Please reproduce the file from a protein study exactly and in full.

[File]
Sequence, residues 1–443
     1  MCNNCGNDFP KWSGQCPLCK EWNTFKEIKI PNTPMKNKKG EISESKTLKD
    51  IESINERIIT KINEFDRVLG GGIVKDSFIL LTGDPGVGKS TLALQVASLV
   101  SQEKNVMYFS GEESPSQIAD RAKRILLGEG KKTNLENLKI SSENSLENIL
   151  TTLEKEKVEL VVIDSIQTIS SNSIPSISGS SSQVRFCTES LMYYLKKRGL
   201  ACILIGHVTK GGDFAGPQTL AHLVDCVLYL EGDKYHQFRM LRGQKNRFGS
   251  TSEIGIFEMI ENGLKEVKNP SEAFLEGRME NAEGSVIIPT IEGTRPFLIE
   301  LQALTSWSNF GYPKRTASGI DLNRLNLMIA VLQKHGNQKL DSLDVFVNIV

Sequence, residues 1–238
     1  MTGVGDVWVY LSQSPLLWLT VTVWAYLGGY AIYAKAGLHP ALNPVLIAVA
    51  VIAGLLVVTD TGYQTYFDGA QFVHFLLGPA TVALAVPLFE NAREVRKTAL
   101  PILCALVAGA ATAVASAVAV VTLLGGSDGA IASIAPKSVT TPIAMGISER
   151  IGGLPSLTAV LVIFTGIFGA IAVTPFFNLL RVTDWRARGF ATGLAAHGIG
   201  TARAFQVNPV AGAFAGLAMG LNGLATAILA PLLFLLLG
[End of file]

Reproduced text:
Sequence, residues 1–443
     1  MCNNCGNDFP KWSGQCPLCK EWNTFKEIKI PNTPMKNKKG EISESKTLKD
    51  IESINERIIT KINEFDRVLG GGIVKDSFIL LTGDPGVGKS TLALQVASLV
   101  SQEKNVMYFS GEESPSQIAD RAKRILLGEG KKTNLENLKI SSENSLENIL
   151  TTLEKEKVEL VVIDSIQTIS SNSIPSISGS SSQVRFCTES LMYYLKKRGL
   201  ACILIGHVTK GGDFAGPQTL AHLVDCVLYL EGDKYHQFRM LRGQKNRFGS
   251  TSEIGIFEMI ENGLKEVKNP SEAFLEGRME NAEGSVIIPT IEGTRPFLIE
   301  LQALTSWSNF GYPKRTASGI DLNRLNLMIA VLQKHGNQKL DSLDVFVNIV

Sequence, residues 1–238
     1  MTGVGDVWVY LSQSPLLWLT VTVWAYLGGY AIYAKAGLHP ALNPVLIAVA
    51  VIAGLLVVTD TGYQTYFDGA QFVHFLLGPA TVALAVPLFE NAREVRKTAL
   101  PILCALVAGA ATAVASAVAV VTLLGGSDGA IASIAPKSVT TPIAMGISER
   151  IGGLPSLTAV LVIFTGIFGA IAVTPFFNLL RVTDWRARGF ATGLAAHGIG
   201  TARAFQVNPV AGAFAGLAMG LNGLATAILA PLLFLLLG